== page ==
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Emma McVicker, Utah's First Female Superintendent of Schools

1846-1916

A woman (Emma McVicker) in late 1800s dress in front of Westminster College with schoolchildren around her
Illustration by Brooke Smart

Teach children the noble and true.

 

By Naomi Watkins

Director of Education, Better Days 2020

with research conducted by Nancy Watkins

 

Emma Jane Kelly McVicker was an advocate of quality education for both children and their working mothers. Born in Watertown, New York, on March 5, 1846, she graduated from Downer College in Milwaukee, Wisconsin, and made her way to Salt Lake City to work as an assistant to the principal and as a music teacher at the Salt Lake Collegiate Institute (now Westminster College). She was soon promoted to be the principal and worked in this capacity until 1884. During this time, Emma also served as the first president of Children’s Service Society of Utah and was elected as the first woman regent at the University of Utah in 1884. Four years later, she would earn a B.S. degree from this institution. At the age of 40, Emma met and married John McVicker, an assayer, in 1886, and they lived at 136 East South Temple in Salt Lake City.

Public attitudes were mixed about the need for kindergarten classes, but Emma was a strong proponent for taking care of young children’s needs for food, shelter, and instruction. In 1894, she founded the Free Kindergarten Association, Utah’s first free public kindergarten. The association not only offered kindergarten classes to young children, but it also provided classes to mothers and training to aspiring kindergarten teachers. The association would add other services, including a milk station, a public playground, public bathrooms for free baths, an employment agency for women, classes for recent immigrants, and public lectures and music performances. In 1895, the Free Kindergarten Association secured passage of a school law that provided kindergarten classes to students ages 4 to 6 with the costs covered by the state. Utah included kindergarten as a provision of the state constitution due to the Free Kindergarten Association’s campaign. Today, this association is known as the Neighborhood House, and it provides preschool, youth programs, and adult care in the Salt Lake Valley.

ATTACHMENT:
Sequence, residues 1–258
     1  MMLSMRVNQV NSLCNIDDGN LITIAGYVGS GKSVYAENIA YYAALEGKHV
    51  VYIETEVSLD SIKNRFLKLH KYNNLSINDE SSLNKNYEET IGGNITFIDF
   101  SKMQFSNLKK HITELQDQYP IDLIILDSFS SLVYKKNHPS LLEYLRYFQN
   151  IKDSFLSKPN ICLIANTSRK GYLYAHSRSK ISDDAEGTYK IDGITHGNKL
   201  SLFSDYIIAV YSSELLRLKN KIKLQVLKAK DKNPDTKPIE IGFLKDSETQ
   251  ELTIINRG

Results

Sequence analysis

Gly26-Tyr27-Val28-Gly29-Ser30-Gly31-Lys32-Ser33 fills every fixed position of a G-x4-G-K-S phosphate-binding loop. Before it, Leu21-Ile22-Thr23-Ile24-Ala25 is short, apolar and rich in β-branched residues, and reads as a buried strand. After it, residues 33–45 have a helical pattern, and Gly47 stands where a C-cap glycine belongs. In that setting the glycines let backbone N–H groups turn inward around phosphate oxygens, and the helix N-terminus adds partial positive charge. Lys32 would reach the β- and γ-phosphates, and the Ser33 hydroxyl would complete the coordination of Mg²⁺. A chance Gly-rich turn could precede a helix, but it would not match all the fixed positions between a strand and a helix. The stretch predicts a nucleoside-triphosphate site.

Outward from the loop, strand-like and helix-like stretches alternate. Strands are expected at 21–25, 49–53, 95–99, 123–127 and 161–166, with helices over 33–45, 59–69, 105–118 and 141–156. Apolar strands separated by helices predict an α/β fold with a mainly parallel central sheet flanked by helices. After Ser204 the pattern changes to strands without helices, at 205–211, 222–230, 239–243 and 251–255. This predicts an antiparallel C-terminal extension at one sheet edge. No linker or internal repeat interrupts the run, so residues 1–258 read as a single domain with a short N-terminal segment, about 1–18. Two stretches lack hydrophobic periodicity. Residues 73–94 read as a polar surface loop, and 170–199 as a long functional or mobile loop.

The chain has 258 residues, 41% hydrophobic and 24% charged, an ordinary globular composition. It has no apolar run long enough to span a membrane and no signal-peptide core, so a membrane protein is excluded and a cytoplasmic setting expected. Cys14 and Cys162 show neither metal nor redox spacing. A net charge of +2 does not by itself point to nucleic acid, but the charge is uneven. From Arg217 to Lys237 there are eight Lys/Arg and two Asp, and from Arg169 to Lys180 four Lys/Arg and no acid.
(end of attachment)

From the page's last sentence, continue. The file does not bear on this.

Neighborhood House in 1916. Photo courtesy of Utah State Historical Society

In addition to her work with kindergarten-age children and their mothers, Emma was Utah’s first woman to be state superintendent of schools. It would take 109 years for another woman to serve in this position in Utah. Yet, Emma’s path to the superintendency was not straightforward. In 1895, she was nominated by Utah’s Republican Party to serve as the state school superintendent of education; however, the state court ruled that women could not yet vote or run for elected office at that time since the state constitution granting women’s suffrage had not yet been signed.

Her reports show she believed that children should be active participants in learning subjects rather than passively absorbing information.